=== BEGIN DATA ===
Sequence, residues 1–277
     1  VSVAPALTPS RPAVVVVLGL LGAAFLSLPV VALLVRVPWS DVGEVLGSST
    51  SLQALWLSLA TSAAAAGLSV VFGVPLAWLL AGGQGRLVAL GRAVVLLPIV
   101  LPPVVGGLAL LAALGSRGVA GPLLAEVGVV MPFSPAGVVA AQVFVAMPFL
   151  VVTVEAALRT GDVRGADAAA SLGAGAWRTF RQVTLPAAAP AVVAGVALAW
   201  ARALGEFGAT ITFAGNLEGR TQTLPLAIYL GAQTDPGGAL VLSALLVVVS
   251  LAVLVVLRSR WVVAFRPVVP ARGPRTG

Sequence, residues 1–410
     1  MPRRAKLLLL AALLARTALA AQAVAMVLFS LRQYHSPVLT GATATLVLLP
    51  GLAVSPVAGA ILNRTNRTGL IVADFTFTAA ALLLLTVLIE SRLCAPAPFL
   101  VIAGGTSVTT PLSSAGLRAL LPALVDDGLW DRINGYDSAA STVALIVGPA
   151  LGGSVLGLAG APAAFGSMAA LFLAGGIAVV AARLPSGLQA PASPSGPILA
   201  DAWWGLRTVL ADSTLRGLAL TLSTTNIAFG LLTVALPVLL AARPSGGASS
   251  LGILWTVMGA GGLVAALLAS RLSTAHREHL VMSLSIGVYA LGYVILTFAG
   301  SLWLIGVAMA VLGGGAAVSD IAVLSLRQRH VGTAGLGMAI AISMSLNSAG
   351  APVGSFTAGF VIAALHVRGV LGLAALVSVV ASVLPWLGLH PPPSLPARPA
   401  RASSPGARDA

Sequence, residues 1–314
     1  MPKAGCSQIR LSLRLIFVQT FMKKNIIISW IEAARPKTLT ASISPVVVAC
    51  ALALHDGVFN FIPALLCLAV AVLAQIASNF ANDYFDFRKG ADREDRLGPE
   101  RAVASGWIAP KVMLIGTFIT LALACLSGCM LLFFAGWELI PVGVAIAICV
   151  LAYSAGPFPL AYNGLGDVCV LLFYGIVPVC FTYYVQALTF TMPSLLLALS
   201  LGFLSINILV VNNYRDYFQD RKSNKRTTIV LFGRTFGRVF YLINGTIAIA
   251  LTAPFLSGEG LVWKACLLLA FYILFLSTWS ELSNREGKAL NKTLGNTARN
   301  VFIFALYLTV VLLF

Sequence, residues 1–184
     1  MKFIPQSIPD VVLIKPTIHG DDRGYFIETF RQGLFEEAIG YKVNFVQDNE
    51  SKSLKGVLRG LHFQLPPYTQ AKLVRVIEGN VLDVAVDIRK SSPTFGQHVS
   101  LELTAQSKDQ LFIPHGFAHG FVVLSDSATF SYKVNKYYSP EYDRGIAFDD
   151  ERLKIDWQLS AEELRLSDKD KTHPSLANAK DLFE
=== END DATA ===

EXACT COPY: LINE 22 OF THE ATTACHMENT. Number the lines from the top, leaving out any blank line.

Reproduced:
   151  LAYSAGPFPL AYNGLGDVCV LLFYGIVPVC FTYYVQALTF TMPSLLLALS